A credible budget conference agreement would take a first step toward improving the nation’s dire fiscal outlook and achieve the following:
- maintain sequester spending levels in addition to—not in exchange for—other spending reductions;
- begin structural reform of the largest and least sustainable entitlement programs—the key drivers of future spending and debt; and
- avoid attempts to solve the spending problem by raising taxes.
Regrettably, the goal of this year’s budget negotiations appears to have shifted from improving the nation’s finances to eliminating the modest spending sequester to which both sides have already agreed. This would be a mistake with lasting repercussions.
Below, Mercatus Center scholars review the principles for a credible deal for the fiscal year 2014 budget.
Maintain the Sequester
Sequestration was implemented as the consequence of the Budget Control Act of 2011, which raised the federal government’s debt ceiling (or the borrowing authority) by approximately $2 trillion. Relative to the nation’s fiscal imbalance, the sequester’s spending cuts are admittedly tiny. But it is not the size of the sequester that is most important; it is Congress’ commitment to its implementation.
Maintaining sequester spending levels is a critical marker of Congress’ will to gain control of federal spending. It signals that Congress can honor its agreements, and—in following through on this small effort—has the potential to meet the far greater challenge of correcting the nation’s longer-term spending and debt crisis.
Despite Washington rhetoric, the sequester’s spending reductions are far from “draconian cuts”; the sequester does not even reduce overall spending levels. Rather, the sequester slightly slows the projected growth in overall spending between 2013 and 2023.
- Even with the sequester, federal spending will grow by $1.8 trillion—more than 50 percent—between 2013 and 2021, the period during which spending cuts from sequestration will take place.
- Total federal spending still increases under sequestration because any spending cuts are up front and fall mostly on the discretionary side of the budget; the main drivers of future spending and debt—entitlement programs—are largely untouched.
Begin Credible Entitlement Reform
- Maintaining sequester spending levels is the absolute least Congress must do. The long-term fiscal imbalance is driven primarily by growth in the costs of Medicare, Medicaid, Social Security, and the new health-insurance exchanges established as part of the 2010 Affordable Care Act. Left unchecked, the unsustainable cost growth of these programs will result in considerable tax increases, reduced economic growth, fewer resources for every other federal program, severe benefit cuts in the entitlement programs themselves, or—most likely—some combination of these things.
- Structural and cost-reducing reforms to the largest entitlement programs need to begin immediately. Any strategy that fails to reform these entitlement programs will inevitably fail to correct the federal government’s fiscal imbalance; merely tweaking these programs for short-term political gain only slightly forestalls their inevitable insolvency.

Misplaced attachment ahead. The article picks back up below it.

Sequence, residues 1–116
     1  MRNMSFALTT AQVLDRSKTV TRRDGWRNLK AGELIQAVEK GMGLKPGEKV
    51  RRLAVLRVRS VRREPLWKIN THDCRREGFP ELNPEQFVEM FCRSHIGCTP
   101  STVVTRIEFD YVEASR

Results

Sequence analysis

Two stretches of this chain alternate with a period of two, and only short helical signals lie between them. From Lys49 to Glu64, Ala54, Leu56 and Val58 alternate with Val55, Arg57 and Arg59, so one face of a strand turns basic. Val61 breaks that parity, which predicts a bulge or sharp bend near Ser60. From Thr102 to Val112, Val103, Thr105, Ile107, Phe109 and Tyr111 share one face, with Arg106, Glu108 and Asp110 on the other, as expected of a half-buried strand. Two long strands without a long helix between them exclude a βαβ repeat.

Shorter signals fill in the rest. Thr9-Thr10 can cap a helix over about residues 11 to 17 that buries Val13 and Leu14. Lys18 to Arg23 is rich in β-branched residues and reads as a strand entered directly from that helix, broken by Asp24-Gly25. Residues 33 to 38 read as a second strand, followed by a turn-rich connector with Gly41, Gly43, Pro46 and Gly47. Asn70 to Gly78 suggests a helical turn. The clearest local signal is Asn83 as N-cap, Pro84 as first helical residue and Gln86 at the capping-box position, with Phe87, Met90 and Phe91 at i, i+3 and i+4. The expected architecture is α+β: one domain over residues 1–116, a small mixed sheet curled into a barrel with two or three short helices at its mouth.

Don’t Attempt to Tax Away the Spending Problem
Some in Washington claim the federal spending and deficit problem is solved. While the deficit has been cut in half (from a record-high of $1.4 trillion in FY09 to $680 billion in FY13), this reduction can be attributed to several singular events, such as the end of the payroll tax “holiday” and higher receipts from Fannie Mae and Freddie Mac. Over the longer term, deficits and debt are projected to continue increasing.
Attempting to fix the unsustainable federal spending growth through tax increases would wreak havoc on the economy, as taxes would have to more than double just to fund entitlement spending. Further, expansive academic research shows the “balanced approach” does not work.
- The general consensus in the academic literature is that fiscal adjustments based more on spending cuts were much more likely to achieve successful and lasting reductions in debt-to-GDP ratio than tax-base adjustments. This is particularly true of spending-based adjustments that reform entitlements and public pay.
- Data from Greece, Italy, and Japan show that tax increases don’t effectively reduce debt levels; evidence from Canada, Germany, and Finland show that cutting spending and implementing structural reforms are the most successful policies.
- Sweden’s experience indicates that significantly cutting government spending without an equivalent increase in taxes can provide a path to fiscal sustainability.
· Sweden successfully reduced welfare spending and pursued economic stimulus through a permanent reduction in the country’s taxes, including a 20-point reduction in the top marginal income tax rate.
· Sweden’s recent economic growth has trumped that of every other European country.
- Data from past fiscal adjustments show that while spending cuts will effectively reduce a country’s debt, they do not necessarily hurt the economy in the short-term.
∙ Evidence shows that if an economic slowdown follows the spending-cut based adjustment, it is generally mild and short lived. Conversely, tax-based adjustments result in significant economic slowdowns.
∙ A leading paper in the austerity debate by International Monetary Fund economists shows that while spending cuts can hurt the economy in the short run, they probably don’t hurt the economy as much as tax increases do.